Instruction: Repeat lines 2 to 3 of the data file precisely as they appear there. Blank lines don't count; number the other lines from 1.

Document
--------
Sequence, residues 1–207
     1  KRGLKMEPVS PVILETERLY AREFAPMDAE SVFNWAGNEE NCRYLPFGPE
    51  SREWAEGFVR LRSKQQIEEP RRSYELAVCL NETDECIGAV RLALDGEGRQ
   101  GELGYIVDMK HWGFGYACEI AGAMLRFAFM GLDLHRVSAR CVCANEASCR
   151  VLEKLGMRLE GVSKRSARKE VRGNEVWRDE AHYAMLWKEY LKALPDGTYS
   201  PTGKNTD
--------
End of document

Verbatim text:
     1  KRGLKMEPVS PVILETERLY AREFAPMDAE SVFNWAGNEE NCRYLPFGPE
    51  SREWAEGFVR LRSKQQIEEP RRSYELAVCL NETDECIGAV RLALDGEGRQ